Ruoxu Cen, Yu Cheng, Debmalya Panigrahi, Kevin Sun.

Sparsification of Directed Graphs via Cut Balance.**ICALP**2021.Jason Li and Debmalya Panigrahi.

Approximate Gomory-Hu tree is Faster than*n-1*Max-flows.**STOC**2021.Jason Li, Danupon Nanongkai, Debmalya Panigrahi, Thatchaphol Saranurak, and Sorrachai Yingchareonthawirnchai.

Vertex Connectivity in Poly-logarithmic Max-flows.**STOC**2021.Jason Li, Debmalya Panigrahi.

Deterministic Min-cut in Poly-logarithmic Max-flows. [pdf]**FOCS**2020.Kyle Fox, Debmalya Panigrahi, Fred Zhang.

Minimum Cut and Minimum k-Cut in Hypergraphs via Branching Contractions. [pdf]**SODA**2019.Wai-Shing Fung, Ramesh Hariharan, Nicholas J. A. Harvey, Debmalya Panigrahi.

A General Framework for Graph Sparsification.**S****IAM Journal on Computing**2019 (preliminary version in**STOC**2011).Mohsen Ghaffari, David R. Karger, Debmalya Panigrahi.

Random Contractions and Sampling for Hypergraph and Hedge Connectivity. [pdf]**SODA**2017.

## Algorithms under uncertainty

While the traditional model of algorithm design assumes that the entire input is known upfront to the algorithm, this is often not the case in practice where algorithms need to solve optimization problems in dynamic environments. The classic framework for modeling this uncertainty is that of online algorithms, where one assumes no knowledge of the future and optimizes for a worst case input. Other popular frameworks include stochastic optimization, robust algorithms, dynamic algorithms, etc.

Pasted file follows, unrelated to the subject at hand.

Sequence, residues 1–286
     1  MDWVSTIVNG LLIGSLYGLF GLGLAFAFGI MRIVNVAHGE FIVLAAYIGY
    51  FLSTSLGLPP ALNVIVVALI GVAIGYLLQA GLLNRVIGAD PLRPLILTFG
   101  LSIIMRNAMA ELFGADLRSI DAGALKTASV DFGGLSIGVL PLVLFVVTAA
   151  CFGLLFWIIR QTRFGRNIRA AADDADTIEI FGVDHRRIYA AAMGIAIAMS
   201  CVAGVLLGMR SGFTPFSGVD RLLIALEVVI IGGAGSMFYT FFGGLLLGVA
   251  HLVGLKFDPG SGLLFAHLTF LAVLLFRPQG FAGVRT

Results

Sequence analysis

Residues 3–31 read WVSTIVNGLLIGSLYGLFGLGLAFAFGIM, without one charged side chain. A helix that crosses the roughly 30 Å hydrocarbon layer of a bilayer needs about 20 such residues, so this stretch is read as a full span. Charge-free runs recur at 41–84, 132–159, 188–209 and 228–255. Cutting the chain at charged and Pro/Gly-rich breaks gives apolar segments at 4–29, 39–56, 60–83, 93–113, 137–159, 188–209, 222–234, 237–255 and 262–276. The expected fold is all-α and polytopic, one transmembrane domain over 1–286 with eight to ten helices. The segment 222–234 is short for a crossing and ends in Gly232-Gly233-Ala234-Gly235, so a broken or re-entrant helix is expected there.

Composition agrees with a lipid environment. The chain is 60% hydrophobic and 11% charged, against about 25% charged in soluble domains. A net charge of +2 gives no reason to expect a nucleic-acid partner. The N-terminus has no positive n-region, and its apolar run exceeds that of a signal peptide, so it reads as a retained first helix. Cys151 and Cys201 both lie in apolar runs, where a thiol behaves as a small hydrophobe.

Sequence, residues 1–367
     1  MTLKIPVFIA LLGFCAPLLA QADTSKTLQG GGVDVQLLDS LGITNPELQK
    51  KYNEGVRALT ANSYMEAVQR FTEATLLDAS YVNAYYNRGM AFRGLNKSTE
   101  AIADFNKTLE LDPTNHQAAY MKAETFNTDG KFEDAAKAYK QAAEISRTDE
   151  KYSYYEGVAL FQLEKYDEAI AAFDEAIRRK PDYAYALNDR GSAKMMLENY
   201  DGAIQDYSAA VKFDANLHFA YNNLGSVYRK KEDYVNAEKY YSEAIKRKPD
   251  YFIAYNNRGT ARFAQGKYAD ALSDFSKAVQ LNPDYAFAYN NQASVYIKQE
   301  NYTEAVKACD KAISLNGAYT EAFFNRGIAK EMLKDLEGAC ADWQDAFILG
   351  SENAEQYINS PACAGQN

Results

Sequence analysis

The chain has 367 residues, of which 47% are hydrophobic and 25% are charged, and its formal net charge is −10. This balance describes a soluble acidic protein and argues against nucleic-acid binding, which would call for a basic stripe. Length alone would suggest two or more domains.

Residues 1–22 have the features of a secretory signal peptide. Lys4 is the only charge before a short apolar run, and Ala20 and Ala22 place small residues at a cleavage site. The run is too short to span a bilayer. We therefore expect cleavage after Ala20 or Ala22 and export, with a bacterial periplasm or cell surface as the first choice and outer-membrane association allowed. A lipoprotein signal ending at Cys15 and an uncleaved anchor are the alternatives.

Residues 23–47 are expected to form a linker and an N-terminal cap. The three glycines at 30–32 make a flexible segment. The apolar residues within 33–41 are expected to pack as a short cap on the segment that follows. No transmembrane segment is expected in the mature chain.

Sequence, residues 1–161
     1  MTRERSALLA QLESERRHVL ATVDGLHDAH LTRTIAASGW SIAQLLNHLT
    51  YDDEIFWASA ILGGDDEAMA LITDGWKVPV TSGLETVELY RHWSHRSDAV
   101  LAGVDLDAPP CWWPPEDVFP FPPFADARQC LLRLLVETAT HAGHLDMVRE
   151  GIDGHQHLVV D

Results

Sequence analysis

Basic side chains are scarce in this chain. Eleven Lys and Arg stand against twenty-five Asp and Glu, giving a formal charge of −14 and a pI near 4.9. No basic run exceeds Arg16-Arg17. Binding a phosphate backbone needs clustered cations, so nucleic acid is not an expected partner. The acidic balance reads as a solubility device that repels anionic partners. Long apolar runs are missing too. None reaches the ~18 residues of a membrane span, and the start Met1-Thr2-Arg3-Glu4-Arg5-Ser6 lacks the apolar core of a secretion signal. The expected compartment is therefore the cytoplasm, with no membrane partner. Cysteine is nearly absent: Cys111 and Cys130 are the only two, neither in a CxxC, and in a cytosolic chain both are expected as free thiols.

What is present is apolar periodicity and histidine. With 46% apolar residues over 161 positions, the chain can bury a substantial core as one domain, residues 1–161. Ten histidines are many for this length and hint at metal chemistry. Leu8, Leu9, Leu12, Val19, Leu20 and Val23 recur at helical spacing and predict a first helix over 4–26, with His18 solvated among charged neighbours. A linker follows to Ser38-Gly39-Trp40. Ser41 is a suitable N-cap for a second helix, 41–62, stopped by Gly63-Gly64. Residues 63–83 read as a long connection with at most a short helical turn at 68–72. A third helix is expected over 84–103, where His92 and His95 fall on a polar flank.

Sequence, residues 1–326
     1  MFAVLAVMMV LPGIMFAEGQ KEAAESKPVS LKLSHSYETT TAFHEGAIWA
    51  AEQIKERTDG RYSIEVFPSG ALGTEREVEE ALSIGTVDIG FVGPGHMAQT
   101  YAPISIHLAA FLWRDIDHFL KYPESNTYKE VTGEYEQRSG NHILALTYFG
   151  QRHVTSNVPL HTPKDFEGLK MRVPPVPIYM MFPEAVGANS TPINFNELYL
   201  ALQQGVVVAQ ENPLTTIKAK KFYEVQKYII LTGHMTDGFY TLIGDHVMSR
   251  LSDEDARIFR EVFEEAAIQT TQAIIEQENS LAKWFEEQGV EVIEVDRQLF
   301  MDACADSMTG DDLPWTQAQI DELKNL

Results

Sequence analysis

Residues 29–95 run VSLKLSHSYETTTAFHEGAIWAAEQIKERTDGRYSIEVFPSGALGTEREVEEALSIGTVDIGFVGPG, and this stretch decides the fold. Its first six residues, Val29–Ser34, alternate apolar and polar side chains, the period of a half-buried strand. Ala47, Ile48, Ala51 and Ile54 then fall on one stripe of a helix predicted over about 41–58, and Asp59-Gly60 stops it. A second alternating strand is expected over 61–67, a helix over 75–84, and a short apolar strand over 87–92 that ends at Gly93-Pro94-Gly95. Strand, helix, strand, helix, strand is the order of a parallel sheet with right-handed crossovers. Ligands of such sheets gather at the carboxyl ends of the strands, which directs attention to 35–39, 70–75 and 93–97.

### Algorithms and Machine Learning

I am particularly interested in the role of machine learning in mitigating the effects of uncertainty on algorithmic performance. In recent years, tremendous advances in ML have given us the ability to predict an uncertain future. But, these predictions come with some caveats: they are almost never precisely correct, and can occasionally be entirely wrong. This motivates the following research themes: